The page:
REvil was one of the most notorious RaaS groups known for its high-profile attacks. It gained notoriety for targeting large organizations and demanding multi-million-dollar ransoms. In addition to encrypting data, REvil has been known to exfiltrate sensitive information from its victims before encrypting their files. This adds another layer of pressure by threatening to release the stolen data if the ransom is unpaid.

Here’s a YouTube video from our channel that discusses the most notorious ransomware gangs.

Prevention Strategies Against Ransomware Attacks

RaaS is certainly sophisticated, but not infallible. Below, you will find a list of tips to protect your digital assets against Ransomware as a Service.

1. Backup Your Endpoints and Servers

The best possible defense against ransomware and every kind of threat for that matter is to have a backup system in place. You should consider having a local as well as a cloud backup. Companies operating on larger networks can opt for an off-site backup location. In case of a ransomware attack, crucial data can be restored without having to the ransom.

2. Don’t Open Suspicious Attachments

If there really was a golden digital rule, this would be it – don’t open an email containing attachments. They might be infected with malware. Even an email coming from someone familiar should be treated with a modicum of suspicion.

For instance, in Business\Vendor Email Compromise attacks, hackers are able to steal credentials and money by posing as someone from the upper management.

3. Frequent Patching Solves Seals Most of your Breaches

Hackers are always looking to take advantage of breaches in your security grid and an outdated app provides them with the best opportunity. Make sure that all your apps are up to date. Heimdal™ Patch & Asset Management​ module can easily search and deploy the latest versions of your favorite app.

Moreover, the Infinity Management module can provide you with a birds-eye view of your machine and, most importantly, the software currently installed. From there, your sysadmin can choose what patches to deploy and when the patching process should occur.

4. Ensure Macros are disabled in Microsoft Word

Although Microsoft disabled macro auto-execution a long time ago, some older Office builds might still have this feature switched on. To disable macros in Word, click on the MS Office button and then on Word Options. Click on Disable all Macros without notification and hit the Apply button to commit changes.

5. Employ Stateful Ransomware Encryption Protection Backed by Antivirus

Ransomware relies on two components: C2 communication and host-planted payload. Cybersecurity solutions such as Heimdal™ Ransomware Encryption Protection can actively disrupt malicious encryption attempts, while our Next-Generation Antivirus sanitizes the system.

6. Implement Multi-Factor Authentication (MFA)

MFA adds an extra layer of security by requiring users to provide multiple verification forms before granting access to sensitive accounts or data. This helps prevent unauthorized access even if an attacker manages to compromise a password.

7. Leverage Network Segmentation

Divide your network into segments to isolate critical systems and data from less important ones. This makes it more challenging for ransomware to propagate across your network if it gains entry.

8. Develop an Incident Response Plan

Develop a robust incident response plan that outlines steps to take in the event of a ransomware attack. Ensure your team knows how to respond quickly and effectively to minimize damage and data loss.

9. Employ Strong Access Control

To maintain network security, controlling the applications and data within the network is essential; they are potential targets for attackers. An improved access control system can impede attackers from entering the network. Implement strict measures to restrict who has permission to access sensitive information and techniques in your organization or home network. Periodically examine and renew authorizations to ensure only approved users can access essential resources.

10. Invest in Endpoint Security

Endpoint security solutions protect your devices from ransomware infections, including antivirus software and intrusion detection systems. Choose reputable security software and keep it up to date. Use advanced threat detection solutions to identify and block ransomware attacks quickly.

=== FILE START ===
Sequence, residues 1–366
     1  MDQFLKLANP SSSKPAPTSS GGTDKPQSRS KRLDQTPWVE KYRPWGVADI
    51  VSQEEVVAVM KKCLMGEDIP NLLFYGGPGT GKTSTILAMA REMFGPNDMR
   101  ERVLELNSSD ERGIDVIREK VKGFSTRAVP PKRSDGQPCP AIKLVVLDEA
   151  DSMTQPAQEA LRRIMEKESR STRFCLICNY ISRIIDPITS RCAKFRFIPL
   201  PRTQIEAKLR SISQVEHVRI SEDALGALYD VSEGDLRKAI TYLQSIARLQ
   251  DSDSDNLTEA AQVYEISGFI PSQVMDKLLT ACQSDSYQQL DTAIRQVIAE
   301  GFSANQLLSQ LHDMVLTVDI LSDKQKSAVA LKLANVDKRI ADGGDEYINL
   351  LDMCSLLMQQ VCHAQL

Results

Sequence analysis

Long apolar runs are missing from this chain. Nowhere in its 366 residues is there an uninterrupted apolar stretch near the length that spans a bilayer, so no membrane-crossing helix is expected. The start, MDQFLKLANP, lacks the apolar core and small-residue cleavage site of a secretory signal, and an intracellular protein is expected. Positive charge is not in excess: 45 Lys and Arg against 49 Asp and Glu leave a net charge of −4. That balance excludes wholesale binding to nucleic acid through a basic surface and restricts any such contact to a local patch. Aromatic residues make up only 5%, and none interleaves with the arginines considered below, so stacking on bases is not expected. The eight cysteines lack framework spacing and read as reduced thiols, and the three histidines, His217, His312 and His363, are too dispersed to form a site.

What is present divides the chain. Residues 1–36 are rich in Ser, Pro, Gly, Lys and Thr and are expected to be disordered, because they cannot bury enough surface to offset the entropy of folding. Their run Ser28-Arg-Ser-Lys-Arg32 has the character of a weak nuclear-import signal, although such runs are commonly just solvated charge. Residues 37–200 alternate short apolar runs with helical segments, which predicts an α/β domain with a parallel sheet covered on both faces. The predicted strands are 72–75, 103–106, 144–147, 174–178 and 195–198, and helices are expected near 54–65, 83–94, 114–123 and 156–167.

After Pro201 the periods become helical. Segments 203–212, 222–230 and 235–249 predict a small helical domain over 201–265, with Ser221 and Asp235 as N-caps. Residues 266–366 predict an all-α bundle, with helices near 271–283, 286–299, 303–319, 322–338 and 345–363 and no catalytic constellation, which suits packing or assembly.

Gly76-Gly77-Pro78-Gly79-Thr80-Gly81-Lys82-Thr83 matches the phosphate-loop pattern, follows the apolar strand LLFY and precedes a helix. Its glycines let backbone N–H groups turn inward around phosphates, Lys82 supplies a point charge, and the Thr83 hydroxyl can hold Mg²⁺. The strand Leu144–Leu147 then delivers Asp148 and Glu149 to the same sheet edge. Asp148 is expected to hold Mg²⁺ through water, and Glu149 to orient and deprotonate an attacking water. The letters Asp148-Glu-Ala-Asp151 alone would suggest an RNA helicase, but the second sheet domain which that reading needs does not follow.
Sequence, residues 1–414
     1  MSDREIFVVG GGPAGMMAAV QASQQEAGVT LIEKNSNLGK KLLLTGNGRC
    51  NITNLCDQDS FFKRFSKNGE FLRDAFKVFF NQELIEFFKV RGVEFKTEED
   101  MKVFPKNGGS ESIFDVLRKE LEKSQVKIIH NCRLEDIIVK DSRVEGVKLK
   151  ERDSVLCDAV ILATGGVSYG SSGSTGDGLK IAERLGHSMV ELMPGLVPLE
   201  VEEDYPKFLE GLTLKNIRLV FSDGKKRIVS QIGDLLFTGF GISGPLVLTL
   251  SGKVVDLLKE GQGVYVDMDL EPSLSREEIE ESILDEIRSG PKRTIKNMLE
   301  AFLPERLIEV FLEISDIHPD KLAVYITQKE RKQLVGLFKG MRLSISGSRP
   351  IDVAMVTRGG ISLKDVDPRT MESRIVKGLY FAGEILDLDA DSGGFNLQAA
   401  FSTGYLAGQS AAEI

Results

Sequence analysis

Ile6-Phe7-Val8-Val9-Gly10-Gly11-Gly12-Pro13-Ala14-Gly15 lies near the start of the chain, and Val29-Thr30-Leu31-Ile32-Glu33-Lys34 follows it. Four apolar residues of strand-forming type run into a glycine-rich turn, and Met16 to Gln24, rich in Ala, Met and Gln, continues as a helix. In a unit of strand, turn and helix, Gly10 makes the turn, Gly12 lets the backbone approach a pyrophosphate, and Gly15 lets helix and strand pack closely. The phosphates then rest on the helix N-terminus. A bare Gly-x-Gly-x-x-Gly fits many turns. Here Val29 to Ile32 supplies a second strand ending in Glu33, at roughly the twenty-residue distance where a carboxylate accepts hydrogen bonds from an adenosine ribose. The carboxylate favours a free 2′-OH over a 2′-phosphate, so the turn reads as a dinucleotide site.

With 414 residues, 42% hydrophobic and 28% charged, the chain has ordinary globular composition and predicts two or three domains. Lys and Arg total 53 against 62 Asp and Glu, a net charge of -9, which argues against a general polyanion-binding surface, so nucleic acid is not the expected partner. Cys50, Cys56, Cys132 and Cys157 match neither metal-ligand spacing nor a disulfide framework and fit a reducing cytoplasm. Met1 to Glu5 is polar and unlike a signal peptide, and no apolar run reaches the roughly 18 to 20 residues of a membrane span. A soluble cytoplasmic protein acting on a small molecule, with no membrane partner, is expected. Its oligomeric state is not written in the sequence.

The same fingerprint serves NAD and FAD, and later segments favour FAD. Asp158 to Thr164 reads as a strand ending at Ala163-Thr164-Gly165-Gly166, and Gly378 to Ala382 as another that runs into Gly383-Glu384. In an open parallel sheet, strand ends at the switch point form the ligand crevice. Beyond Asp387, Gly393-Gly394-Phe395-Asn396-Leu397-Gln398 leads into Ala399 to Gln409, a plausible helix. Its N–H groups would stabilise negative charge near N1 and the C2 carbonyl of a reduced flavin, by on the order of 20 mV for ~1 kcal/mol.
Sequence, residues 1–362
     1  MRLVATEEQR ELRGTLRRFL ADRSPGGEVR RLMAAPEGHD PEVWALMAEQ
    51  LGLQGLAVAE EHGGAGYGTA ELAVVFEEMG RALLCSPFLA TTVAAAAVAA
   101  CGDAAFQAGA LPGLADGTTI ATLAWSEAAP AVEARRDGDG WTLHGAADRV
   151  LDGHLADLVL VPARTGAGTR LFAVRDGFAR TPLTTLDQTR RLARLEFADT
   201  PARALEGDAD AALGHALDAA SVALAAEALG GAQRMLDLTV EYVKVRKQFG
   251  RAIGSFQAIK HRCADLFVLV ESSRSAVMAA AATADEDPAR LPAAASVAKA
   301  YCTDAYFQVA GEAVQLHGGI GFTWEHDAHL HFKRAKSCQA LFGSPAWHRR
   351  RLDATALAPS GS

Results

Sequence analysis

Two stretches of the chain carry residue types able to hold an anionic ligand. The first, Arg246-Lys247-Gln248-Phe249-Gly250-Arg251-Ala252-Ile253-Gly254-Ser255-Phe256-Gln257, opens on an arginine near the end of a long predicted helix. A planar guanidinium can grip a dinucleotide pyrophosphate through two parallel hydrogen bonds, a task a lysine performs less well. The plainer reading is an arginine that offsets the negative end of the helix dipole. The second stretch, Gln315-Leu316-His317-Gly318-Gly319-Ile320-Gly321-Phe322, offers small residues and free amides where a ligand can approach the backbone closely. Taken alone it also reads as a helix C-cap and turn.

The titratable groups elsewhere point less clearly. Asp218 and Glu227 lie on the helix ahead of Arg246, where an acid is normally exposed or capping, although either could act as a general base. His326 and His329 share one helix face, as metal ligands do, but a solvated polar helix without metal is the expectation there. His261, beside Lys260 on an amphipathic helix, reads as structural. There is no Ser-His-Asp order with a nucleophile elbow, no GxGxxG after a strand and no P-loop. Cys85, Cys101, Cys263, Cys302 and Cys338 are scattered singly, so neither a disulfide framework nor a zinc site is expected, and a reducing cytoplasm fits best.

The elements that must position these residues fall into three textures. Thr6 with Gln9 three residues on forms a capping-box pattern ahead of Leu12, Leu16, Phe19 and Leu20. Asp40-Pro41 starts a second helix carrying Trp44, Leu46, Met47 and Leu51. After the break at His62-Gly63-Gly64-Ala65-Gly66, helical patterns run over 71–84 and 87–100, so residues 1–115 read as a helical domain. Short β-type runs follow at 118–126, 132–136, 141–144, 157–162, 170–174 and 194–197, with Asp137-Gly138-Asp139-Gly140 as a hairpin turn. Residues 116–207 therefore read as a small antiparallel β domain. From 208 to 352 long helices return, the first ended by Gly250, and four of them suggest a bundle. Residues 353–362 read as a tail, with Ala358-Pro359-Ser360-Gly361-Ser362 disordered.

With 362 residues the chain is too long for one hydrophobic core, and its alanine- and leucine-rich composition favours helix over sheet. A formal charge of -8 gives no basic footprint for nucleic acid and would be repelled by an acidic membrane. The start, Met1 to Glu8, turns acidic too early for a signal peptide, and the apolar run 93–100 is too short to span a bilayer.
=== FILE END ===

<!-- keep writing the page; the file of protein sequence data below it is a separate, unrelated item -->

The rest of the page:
With Heimdal’s EDR cybersecurity suite, you’ll be covered at an enterprise level with threat prevention, patching, privileged access management, and a next-generation antivirus. You will stop cyber attackers before they even consider targeting your business by adding DNS traffic filtering, vulnerability management, access governance, threat detection, and incident response to your network.

Heimdal’s Ransomware Encryption Protection

Heimdal’s exclusive Ransomware Encryption Protection technology was designed to thwart even the most sophisticated ransomware attacks in the cloud and on-premises, preventing and protecting rather than mitigating.

Here’s a quick rundown of what Ransomware Encryption Protection can do for your business:

  • Prevent data breaches by protecting your networks and endpoints against fraudulent encryption attempts;
  • Eliminate downtimes caused by ransomware attacks;
  • Reduce and eliminate post-ransomware impacts;
  • Improve the detection capabilities of your current cybersecurity software;
  • Increase conformity;
  • Get comprehensive defense against zero-day vulnerabilities;
  • Combine with any SIEM for improved detection of policy violations.

Ready to take it for a spin? Click here for a personalized demo.

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If you’d like to learn more about the world of ransomware and equip yourself with valuable knowledge to protect your digital assets, look no further. Our comprehensive articles discuss practical strategies to mitigate and prevent ransomware and highlight the five robust ways Heimdal can shield you from ransomware attacks.

Moreover, you’ll find a meticulously crafted ransomware prevention checklist to guide you and your company in fortifying your defenses and ensuring that you remain on the safe side of the cybersecurity spectrum.

Whether you’re an individual looking to safeguard your data or a business seeking to protect critical information, this resource is your key to staying one step ahead of the ever-evolving ransomware threat landscape.


Ransomware as a Service has become a powerful and lucrative tool in cybercriminals’ arsenal. It significantly threatens individuals, businesses, and critical infrastructure worldwide. Addressing this threat requires a concerted effort from governments, organizations, and individuals to bolster cybersecurity measures and track down those responsible for this insidious criminal enterprise. Combating Ransomware as a Service is crucial to safeguarding the digital world against an escalating and evolving threat.

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Author Profile

Gabriella Antal

SMM & Corporate Communications Officer

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Gabriella is the Social Media Manager and Cybersecurity Communications Officer at Heimdal®, where she orchestrates the strategy and content creation for the company's social media channels. Her contributions amplify the brand's voice and foster a strong, engaging online community. Outside work, you can find her exploring the outdoors with her dog.